By Venkatesh Raghavan*
Pushpa Kamal Dahal, popularly known as Prachanda has won his third term as the Prime Minister of Nepal after switching alliances with his former poll partner in the eleventh hour owing to differences centring on power-sharing equations.
The 68-year-old Maoist veteran who emerged from a teaching career before opting for full-fledged politics returned to becoming Prime Minister on Sunday, December 25, 2022, after walking out of former PM Sher Bahadur Deuba’s Nepali Congress. Deuba’s Congress happened to be the single largest Party in the 275-member House of Representatives. The Party, however, was short of a majority to stake its claim for government formation. Prachanda’s loyalties switched to the Khadga Prasad Sharma Oli-led bloc. The switch resulted in a conglomerate of left-leaning political parties that might provoke a pro-China stance in Nepal politics and prove to be worrisome to India’s regional geopolitical interests.
Prachanda’s move to shift allegiance came to be in the early hours of December 25, 2022, before Nepalese President Bidya Devi Bhandari announced the former’s premiership based on the show of strength in the numbers game.
Tracing the saga historically, Prachanda immediately after being elected PM for the first term with adequate support from New Delhi, prioritized engaging in a foreign visit to China. New Delhi saw it as a departure from the regular norms albeit extending an olive branch to Nepal. Subsequently, Prachanda had gone out of the way to antagonize the chieftains in New Delhi by choosing to replace Indian priests at the Pashupati Nath temple with Nepali priests.
What followed in his second term commencing in 2016 felt somewhat like a Tom and Jerry cartoon show in which Prachanda forged a friendship that followed deep discord and collaboration that followed an air of suspicion. The main cause of the strife was the amendment of the Nepali constitution that could be inclusive and acceptable to all constituents of its electorate. Prachanda felt that if it was allowed to pass, it might result in the Maoist movement getting criminalized.
He turned against Delhi owing to this apprehension. Prachanda felt that the Maoists should have a fair say in realizing the draft of the Nepali constitution. As he was still locked in a loosely knit coalition, the only purpose of his being on good terms with New Delhi seemed to be in the interest of retaining power and survival by clinging to the hot seat.
So far, Delhi’s reading of the situation is that Prachanda is keen on permitting his ethnic and caste identity in order to retain electoral success. This was seen by many as being opposed to his ideological commitment which might have become a bit of baggage. As of today, Prachanda’s immediate focus will be on building an internationally acceptable image and also playing to the gallery of Nepali citizens harbouring anti-India sentiments.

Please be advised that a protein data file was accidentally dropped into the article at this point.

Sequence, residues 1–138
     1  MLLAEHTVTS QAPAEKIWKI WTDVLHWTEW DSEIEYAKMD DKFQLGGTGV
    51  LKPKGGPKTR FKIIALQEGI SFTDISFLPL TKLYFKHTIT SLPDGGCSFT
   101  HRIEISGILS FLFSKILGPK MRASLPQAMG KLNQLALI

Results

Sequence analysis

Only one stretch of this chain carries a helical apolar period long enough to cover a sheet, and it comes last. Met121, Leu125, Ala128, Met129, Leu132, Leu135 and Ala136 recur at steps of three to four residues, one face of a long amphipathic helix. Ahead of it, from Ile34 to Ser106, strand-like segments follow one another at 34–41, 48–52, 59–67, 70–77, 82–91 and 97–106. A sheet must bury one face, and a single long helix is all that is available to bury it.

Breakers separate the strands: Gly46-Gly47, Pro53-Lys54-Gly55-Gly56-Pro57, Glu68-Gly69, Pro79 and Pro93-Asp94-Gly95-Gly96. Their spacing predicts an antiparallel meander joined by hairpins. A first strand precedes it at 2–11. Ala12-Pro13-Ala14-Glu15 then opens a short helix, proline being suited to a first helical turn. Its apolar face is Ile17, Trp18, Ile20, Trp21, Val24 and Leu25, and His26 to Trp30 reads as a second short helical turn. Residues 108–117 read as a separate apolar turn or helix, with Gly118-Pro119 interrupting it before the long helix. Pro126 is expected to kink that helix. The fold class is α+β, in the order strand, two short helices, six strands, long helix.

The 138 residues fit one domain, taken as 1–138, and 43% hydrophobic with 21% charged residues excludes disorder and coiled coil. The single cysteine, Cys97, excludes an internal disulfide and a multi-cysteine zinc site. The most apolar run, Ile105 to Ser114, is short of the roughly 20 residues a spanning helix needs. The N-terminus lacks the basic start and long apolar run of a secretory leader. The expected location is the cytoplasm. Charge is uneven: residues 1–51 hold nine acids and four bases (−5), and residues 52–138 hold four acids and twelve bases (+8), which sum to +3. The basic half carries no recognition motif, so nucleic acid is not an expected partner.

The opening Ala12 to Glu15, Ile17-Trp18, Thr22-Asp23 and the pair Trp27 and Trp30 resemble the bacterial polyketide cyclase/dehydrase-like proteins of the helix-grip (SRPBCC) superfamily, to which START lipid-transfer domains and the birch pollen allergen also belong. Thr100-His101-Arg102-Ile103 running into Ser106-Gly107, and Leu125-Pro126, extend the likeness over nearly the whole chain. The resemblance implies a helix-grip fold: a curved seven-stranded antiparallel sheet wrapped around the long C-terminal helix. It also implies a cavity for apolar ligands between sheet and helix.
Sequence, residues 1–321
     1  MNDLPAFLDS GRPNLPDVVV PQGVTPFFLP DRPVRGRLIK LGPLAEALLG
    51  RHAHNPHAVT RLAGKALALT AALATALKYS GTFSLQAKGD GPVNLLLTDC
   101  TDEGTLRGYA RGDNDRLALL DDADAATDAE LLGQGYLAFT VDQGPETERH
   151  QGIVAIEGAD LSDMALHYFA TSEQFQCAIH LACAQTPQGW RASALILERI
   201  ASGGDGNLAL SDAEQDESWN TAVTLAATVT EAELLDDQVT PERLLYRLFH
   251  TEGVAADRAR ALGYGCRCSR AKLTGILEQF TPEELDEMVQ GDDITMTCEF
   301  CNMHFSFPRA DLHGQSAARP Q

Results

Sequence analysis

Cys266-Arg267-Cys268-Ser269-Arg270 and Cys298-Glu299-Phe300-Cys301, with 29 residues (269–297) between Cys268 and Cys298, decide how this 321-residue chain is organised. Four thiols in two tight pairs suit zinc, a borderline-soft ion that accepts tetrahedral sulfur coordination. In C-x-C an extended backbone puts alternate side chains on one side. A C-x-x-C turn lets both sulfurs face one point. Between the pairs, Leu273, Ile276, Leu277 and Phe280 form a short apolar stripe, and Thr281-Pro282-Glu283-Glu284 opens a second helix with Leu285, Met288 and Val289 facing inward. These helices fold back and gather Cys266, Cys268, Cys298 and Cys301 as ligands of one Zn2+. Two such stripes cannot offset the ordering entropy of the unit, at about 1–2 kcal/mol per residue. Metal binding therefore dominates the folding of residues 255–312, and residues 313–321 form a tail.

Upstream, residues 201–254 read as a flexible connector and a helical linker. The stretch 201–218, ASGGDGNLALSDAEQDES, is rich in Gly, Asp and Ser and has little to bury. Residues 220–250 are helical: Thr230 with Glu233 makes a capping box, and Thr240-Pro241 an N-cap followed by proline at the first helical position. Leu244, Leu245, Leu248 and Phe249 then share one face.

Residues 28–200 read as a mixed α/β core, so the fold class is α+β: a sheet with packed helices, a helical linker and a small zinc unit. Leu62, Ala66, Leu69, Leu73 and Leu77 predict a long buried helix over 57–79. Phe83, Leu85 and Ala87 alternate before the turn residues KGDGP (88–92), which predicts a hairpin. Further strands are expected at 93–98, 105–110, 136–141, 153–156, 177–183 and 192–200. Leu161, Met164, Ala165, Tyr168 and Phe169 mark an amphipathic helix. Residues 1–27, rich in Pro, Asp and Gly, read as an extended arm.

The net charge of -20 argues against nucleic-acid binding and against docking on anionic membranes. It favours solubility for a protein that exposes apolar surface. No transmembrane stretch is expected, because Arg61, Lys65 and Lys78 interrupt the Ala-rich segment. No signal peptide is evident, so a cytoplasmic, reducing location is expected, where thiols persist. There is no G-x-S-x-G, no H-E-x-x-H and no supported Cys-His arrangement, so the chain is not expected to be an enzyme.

Prachanda’s has turned out to be a story of ironies as in the early years of his political struggle he had sought both shelter and support from Indian authorities, his underground stint lasting for nearly a decade. Another interesting drift is that Prachanda and Oli had fallen out with each other in the previous year from a unified CPM only to come together again in favour of another power-sharing equation.
Dahal, who was given the title of Prachanda meaning fierce, began his long political career as the leader of Maoist rebels in Nepal who sought to put an end to the country’s monarchy. His earlier terms as Nepali Prime Minister were during 2008-09 and 2016-17. Prachanda broke up with Dehuba after the latter refused to honour his power-sharing agreement on rotating the prime ministerial chair of Nepal.
Though under the current alliance, Prachanda is expected to tilt towards neighbouring Communist China, Indian Prime Minister Narendra Modi was early to tweet his congratulatory message. The tweet read: “Warmest congratulations, Pushpa Kamal Dahal, “Prachanda”, on being elected as the Prime Minister of Nepal. The unique relationship between India and Nepal is based on deep cultural connections and warm people-to-people ties. I look forward to working together with you to further strengthen this friendship.”
Significantly, in an interview with a private Indian news channel after assuming the PM’s office for the third time, Prachanda said he would work to strengthen Nepal’s relations with India -“We want good relations with India,” he told ABP news. “I am not against India, will forget the old disputes and move forward,” he asserted.
India’s post-independence ties with Nepal date back to a treaty that was signed in 1950. Hailed as the India-Nepal treaty of peace and friendship, it served to be the hallmark of a special relationship between the two countries. Prachanda’s likely tilt towards China might be aimed at an attempt on effectuating a geopolitical twist for the resolution of disputes pertaining to border territories between India and Nepal. The territories include Lipulekh, Kalapani and Limpiyadhura; which the Indian side maintains as their integral part. Nepal made a cosmetic move towards breaching the Indian claim by including these territories on their national map.
The Indo-Nepal border runs into an 1850 km stretch across five states, namely Sikkim, West Bengal, Bihar, Uttar Pradesh and Uttarakhand. The Indian parliament way back in 2020 dubbed this cosmetic effort by Nepal as “artificial enlargement” and unacceptable in practice. Weighing in India’s favour, however, is Nepal’s heavy dependence on India for the transportation of all goods and services. Being a landlocked country, Prachanda will have his hands full in balancing the tight-rope walk between hostile neighbours India and China.